The Eucharist is the source and summit of the Christian life. The other sacraments, and indeed all ecclesiastical ministries and works of the apostolate, are bound up with the Eucharist and are oriented toward it. For in the blessed Eucharist it contains the whole spiritual good of the Church, namely Christ himself, our Pasch. (Catechism of the Catholic Church 1324)
In the Catholic Church we believe that Christ becomes present in a unique way within the celebration of the Eucharist. It is here that we participate in Jesus’ Last Supper with his disciples on the night before his death on the cross. On that night Jesus “took bread, and when he had given thanks he broke it and gave it to them, saying, ‘This is my body which is given for you. Do this in remembrance of me.’” (Luke 22:19) Whenever we celebrate the Mass we do that which Jesus commanded his disciples to do. As the bread that Jesus broke became his body, so too, at the Mass we break bread which becomes the body of Jesus. This mystery of Christ’s body and blood is at the core of our faith since we become participants in Jesus’ passion, death, and resurrection. It is Jesus whom we consume, and for those whose hearts are open, he gives the grace to become that which we eat.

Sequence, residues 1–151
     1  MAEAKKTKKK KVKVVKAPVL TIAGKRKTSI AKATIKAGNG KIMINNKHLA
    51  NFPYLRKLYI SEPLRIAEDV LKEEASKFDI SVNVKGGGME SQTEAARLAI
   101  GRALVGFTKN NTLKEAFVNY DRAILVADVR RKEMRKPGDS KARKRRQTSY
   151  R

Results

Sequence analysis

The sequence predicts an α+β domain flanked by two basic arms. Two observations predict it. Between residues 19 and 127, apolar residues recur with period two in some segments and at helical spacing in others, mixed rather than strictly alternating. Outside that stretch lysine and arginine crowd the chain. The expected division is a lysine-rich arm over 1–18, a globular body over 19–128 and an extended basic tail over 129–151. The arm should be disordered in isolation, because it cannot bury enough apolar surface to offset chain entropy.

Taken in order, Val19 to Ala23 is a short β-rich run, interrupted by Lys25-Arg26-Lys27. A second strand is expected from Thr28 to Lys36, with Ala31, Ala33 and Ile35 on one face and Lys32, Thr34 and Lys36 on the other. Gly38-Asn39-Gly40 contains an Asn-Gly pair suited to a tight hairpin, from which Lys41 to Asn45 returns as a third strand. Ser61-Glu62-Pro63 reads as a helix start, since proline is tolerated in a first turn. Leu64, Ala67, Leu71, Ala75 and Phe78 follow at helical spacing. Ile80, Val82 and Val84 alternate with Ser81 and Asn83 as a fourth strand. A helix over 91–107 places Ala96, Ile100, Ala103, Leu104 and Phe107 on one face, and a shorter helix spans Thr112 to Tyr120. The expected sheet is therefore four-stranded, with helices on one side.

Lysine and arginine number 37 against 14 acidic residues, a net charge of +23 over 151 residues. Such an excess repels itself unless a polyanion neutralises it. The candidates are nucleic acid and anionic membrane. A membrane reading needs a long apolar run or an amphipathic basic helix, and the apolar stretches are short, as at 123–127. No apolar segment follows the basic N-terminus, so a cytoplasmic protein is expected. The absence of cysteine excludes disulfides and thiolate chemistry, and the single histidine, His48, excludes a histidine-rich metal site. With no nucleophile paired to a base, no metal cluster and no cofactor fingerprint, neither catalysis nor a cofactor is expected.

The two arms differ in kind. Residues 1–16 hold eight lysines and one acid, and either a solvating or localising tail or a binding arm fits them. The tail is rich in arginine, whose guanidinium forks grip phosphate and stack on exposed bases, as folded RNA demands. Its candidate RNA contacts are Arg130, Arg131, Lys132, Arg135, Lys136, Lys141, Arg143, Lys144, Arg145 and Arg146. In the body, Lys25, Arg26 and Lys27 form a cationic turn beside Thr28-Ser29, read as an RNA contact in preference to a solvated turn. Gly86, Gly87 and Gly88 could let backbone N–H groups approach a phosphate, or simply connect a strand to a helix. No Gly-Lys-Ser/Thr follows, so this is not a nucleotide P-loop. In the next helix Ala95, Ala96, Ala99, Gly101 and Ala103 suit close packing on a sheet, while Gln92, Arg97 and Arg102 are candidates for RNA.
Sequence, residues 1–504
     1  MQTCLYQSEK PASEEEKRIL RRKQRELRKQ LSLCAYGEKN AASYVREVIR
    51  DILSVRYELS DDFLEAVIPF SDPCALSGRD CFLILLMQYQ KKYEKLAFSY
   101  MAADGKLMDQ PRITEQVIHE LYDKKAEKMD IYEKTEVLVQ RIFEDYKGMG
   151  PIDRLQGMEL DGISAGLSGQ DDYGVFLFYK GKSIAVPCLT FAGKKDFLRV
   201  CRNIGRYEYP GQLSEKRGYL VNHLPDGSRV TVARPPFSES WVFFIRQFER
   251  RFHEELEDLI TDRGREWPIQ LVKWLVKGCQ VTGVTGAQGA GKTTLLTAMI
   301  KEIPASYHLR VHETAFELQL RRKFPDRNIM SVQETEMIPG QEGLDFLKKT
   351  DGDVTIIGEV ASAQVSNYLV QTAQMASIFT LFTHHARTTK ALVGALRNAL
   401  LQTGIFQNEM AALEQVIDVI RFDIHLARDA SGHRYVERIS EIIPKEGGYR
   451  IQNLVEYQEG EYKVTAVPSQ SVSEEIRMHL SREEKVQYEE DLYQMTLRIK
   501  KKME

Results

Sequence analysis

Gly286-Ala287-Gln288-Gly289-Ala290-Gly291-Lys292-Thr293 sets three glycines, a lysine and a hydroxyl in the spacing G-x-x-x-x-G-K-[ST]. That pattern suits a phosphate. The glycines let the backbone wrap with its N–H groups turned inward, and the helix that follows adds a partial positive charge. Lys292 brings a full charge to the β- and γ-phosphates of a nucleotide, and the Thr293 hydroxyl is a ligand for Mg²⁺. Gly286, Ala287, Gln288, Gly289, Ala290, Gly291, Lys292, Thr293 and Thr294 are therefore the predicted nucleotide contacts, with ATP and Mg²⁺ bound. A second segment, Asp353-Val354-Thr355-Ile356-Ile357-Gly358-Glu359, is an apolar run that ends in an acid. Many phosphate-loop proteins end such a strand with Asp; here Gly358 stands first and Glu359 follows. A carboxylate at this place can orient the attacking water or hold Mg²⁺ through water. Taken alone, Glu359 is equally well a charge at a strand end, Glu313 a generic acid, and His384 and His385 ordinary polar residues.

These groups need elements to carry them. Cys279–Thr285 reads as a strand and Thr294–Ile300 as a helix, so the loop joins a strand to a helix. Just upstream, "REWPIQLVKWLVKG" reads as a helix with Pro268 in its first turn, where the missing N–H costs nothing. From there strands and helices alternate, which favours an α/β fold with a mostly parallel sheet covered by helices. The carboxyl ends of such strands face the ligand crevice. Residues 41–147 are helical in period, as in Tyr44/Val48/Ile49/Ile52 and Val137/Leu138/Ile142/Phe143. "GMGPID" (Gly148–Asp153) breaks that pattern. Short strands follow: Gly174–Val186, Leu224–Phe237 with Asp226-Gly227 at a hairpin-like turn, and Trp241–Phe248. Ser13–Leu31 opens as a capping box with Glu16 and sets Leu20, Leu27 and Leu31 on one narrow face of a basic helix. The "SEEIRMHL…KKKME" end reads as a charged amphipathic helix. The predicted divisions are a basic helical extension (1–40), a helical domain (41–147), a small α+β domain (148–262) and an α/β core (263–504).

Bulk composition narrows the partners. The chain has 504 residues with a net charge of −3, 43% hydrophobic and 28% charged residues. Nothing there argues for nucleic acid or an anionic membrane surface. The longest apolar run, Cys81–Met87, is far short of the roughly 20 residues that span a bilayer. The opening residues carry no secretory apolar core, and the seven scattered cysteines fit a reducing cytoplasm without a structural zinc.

Implications of our Belief
The Mass is not a human invention, it is a gift given to us by God and we are to receive it as a gift. This means we do not attempt to change the Mass in order to fit our own desires and sensibilities. As Jesus gave himself to us on the cross, our attitude in going to Mass needs to be one of self-giving as well. We go to serve God first and foremost.
If we truly believe that it is Jesus who shows up at Mass and desires to give his body and blood to us for the salvation of our souls, how could we ever deny him?
Whenever we refuse to attend Mass on Sundays we refuse to be with Jesus. This rejection of Jesus destroys his love within our hearts. In fact, all mortal sin destroys his love within us; sin is in direct opposition to Jesus’ love and life that he offers us. Jesus desires that you receive his life and love that he freely bestows upon you at Mass.
If you have committed a mortal sin since your last confession, please visit this sacrament of Jesus’ mercy before you receive him again in the Eucharist. Through sinning we turn our backs on Jesus, in confession we turn toward him in an act of faith. Those who find themselves in mortal sin are still required to attend Mass.
Communion to the Homebound
For those who are ill or disabled and are not able to attend Mass we would like to bring Holy Communion to you. Please contact our parish nurse, Betty Mastey at 320-387-2377, you may also email our parish office at firstname.lastname@example.org
There are many Masses that have been televised and streamed since covid-19, the homebound are encouraged to partake in a spiritual communion by viewing Mass electronically. If you are able bodied, watching Mass electronically is no longer a legitimate substitution for attending Mass in person.